Qualifying Your Reserve Study Provider
A reserve study is one of the most indispensable planning tools an HOA can have. And like a roof, getting the best bang for your buck is the way to go. The best reserve studies are put together by trained industry professionals. But unlike roofing companies, there are only a handful of qualified reserve study providers in the world. How could this be true?
HOA reserve studies are relatively new phenomenon’s. The need for reserve studies became painfully apparent in the 1980s when condominiums built in the 1960s began to have widespread failure of common elements like roofing, fences, decks, paving, siding and other long life components.
In the 1960s, developers marketed condos as “carefree living” and promised buyers that maintenance and repairs would be taken care of by the association of unit owners. All individual unit owners had to do was contribute money to a pot and the rest was “handled”. This all sounded too good to be true and was. Most of those developers failed to provide a long range plan (reserve study) and a funding plan to pay for very predictable and expensive future events. Not only that, the budget provided to the initial board was often woefully inadequate to pay for even routine day-to-day maintenance. It was all a setup to fail of nightmarish proportions.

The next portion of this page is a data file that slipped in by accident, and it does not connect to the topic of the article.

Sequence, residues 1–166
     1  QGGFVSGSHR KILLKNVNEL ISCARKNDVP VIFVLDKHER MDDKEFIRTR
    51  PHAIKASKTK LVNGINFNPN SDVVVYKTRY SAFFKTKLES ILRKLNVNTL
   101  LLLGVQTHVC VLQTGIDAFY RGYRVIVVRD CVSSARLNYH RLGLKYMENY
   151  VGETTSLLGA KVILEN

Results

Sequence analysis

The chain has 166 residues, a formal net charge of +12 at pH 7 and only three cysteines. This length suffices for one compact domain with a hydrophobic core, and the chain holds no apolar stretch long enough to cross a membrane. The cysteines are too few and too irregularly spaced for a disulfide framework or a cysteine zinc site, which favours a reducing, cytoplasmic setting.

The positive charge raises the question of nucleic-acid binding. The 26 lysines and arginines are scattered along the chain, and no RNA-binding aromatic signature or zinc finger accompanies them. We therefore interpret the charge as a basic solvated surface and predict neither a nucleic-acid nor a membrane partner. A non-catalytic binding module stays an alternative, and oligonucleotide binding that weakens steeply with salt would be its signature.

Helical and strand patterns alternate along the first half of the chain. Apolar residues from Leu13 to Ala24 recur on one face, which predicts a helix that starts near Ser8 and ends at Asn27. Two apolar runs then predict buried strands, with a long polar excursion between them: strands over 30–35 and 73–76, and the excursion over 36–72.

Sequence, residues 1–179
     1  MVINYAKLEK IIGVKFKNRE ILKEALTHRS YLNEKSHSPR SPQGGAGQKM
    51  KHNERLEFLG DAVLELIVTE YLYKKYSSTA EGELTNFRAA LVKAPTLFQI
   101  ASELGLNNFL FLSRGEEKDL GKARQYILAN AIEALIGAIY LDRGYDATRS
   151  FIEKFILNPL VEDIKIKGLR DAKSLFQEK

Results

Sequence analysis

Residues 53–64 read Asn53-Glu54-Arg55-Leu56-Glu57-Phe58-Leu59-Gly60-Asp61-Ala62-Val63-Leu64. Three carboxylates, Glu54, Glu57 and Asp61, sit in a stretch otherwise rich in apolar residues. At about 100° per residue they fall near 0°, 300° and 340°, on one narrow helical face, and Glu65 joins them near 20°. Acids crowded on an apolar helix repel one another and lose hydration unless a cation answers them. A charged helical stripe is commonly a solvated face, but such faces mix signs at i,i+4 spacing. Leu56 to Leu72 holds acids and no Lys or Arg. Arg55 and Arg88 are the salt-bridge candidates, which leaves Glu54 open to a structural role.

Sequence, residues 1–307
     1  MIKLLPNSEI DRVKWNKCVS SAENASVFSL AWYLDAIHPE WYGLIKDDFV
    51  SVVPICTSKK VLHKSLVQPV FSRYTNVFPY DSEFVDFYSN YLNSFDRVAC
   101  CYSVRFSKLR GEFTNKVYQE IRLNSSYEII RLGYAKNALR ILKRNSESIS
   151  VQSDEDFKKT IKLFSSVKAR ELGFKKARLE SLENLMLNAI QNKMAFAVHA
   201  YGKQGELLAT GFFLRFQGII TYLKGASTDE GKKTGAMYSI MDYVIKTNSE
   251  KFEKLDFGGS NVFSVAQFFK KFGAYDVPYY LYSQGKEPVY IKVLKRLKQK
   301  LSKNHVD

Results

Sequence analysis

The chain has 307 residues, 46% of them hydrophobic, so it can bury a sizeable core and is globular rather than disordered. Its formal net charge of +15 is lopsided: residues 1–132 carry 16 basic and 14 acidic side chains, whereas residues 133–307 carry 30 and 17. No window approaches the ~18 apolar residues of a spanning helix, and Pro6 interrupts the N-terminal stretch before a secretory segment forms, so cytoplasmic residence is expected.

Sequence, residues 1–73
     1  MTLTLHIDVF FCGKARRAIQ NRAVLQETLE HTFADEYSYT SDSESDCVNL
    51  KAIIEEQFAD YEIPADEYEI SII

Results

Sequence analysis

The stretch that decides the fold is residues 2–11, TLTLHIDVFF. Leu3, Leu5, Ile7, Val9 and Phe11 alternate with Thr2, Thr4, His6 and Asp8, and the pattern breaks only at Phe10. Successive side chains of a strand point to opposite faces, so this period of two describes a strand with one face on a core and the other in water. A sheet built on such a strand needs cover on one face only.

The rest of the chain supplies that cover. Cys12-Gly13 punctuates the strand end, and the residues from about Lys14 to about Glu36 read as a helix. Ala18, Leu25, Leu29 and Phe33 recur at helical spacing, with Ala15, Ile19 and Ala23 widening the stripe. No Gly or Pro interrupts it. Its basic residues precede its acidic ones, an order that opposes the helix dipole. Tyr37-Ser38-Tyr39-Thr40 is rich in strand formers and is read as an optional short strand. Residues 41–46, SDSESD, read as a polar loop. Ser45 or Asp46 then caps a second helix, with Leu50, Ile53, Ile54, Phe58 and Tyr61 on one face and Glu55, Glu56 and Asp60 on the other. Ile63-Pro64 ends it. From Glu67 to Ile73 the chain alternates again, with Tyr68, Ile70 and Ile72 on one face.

To make matters worse, some of these developers wrote budget restrictions in the governing documents that prevented the board from increasing the budget without approval of a large block of members (sometimes 100% of them). These boards were effectively prevented from raising the money they needed to maintain the HOA and member assets. They started in a hole which just got deeper with passing years.
By the 1980s, natural deterioration had caused failure of many building and grounds components. It became apparent in states with large numbers of HOAs like Florida and California that better planning and requirements were needed to avoid this kind of predictable failure. In those states, legislation was adopted that required reserve planning. Thus, the concept was born and the need for qualified service providers to accomplish the work.